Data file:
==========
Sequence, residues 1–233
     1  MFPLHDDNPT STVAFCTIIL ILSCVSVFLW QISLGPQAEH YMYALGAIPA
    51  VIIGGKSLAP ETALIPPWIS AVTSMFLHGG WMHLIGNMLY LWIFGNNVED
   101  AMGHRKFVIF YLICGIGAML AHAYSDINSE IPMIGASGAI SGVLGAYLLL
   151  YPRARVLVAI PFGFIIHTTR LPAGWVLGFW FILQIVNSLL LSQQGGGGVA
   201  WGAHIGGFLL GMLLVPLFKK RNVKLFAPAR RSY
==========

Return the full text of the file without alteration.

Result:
Sequence, residues 1–233
     1  MFPLHDDNPT STVAFCTIIL ILSCVSVFLW QISLGPQAEH YMYALGAIPA
    51  VIIGGKSLAP ETALIPPWIS AVTSMFLHGG WMHLIGNMLY LWIFGNNVED
   101  AMGHRKFVIF YLICGIGAML AHAYSDINSE IPMIGASGAI SGVLGAYLLL
   151  YPRARVLVAI PFGFIIHTTR LPAGWVLGFW FILQIVNSLL LSQQGGGGVA
   201  WGAHIGGFLL GMLLVPLFKK RNVKLFAPAR RSY